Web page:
J.J. Abrams managed to package so many different little nods and easter eggs to the original Star Wars trilogy throughout The Force Awakens. In attempting to recreate the tone of George Lucas’s original movies, the new movie was jam-packed with cool references – some of which aren’t blatantly obvious on first viewing.
One easter egg from The Force Awakens involved both Oscar-winning visual effects artist Phil Tippett and a serious amount of time. You saw when Finn (John Boyega) was playing around on the Millennium Falcon, how the chess board returned, also known as the Holochess – real in-universe name Dejarik? Yes well Abrams asked Tippett to recreate the board game for the new generation.
You can see the part from The Force Awakens below:
Chewbacca and C-3PO using the Holochess board in Episode IV: A New Hope.
Tippett explained in an interview with Yahoo! Movies (via Squareeyed): [The designs] were over at the Lucasfilm archives, so we went over there and engaged in a pretty protracted reconstruction process where we used a process called photogrammetry to capture the disintegrated puppets in their current state, and that allowed us to put them in the computer and to reconstruct them. Those went to the 3D printer and the molds were made and cast in the various rubber and plastics. That’s where a tremendous amount of time went, was in the reconstruction.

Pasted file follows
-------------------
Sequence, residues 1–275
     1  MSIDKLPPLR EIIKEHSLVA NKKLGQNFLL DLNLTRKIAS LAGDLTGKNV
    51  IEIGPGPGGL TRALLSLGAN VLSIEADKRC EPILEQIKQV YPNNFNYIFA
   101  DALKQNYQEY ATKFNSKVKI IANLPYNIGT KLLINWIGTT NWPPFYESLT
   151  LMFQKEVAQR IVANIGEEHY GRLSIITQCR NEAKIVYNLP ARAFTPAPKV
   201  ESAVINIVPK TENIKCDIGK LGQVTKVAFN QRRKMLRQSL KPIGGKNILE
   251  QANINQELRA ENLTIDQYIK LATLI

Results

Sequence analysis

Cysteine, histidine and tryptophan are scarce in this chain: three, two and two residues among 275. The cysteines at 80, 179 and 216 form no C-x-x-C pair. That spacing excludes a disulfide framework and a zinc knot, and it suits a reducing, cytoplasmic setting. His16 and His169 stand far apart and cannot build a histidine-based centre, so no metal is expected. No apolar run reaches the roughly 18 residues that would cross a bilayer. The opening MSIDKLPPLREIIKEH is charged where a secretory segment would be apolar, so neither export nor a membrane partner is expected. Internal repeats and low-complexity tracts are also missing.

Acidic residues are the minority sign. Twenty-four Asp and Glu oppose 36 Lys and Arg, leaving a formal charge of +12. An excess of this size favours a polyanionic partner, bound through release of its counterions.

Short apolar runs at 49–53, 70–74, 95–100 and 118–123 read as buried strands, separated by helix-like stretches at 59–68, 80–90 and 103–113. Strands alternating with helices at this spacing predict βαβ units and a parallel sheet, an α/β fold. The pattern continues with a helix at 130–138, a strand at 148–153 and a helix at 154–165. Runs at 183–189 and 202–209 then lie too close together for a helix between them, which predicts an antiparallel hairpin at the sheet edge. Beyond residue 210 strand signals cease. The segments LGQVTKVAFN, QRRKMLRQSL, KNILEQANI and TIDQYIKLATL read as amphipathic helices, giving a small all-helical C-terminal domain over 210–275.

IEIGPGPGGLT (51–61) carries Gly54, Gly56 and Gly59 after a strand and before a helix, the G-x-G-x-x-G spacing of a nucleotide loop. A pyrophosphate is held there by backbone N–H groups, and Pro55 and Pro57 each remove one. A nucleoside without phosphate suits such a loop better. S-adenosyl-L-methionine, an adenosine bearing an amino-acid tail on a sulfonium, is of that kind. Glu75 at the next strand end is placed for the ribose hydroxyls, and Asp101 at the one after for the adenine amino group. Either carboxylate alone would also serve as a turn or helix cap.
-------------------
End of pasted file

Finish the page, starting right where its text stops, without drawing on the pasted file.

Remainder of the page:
The stop motion process was pretty much the same, except we were shooting on digital cameras instead of film. The process of reconstructing the original chess set was much more elaborate initially, where Jon Berg and I created… [It] was just a matter of weeks, the very last thing in the production process on the first Star Wars movies. Kind of an afterthought of George [Lucas]’s. The reconstruction process for J.J. Abrams was much more elaborate, you know. We had, the reconstructing, took way more time than doing something original in the first one.
It goes to show the level of detail and commitment envisioned by Abrams from early on in the process and it’s pretty cool that he was able to get Tippett back to recreate the chess board. You can discover much more about Tippett’s work in this documentary below: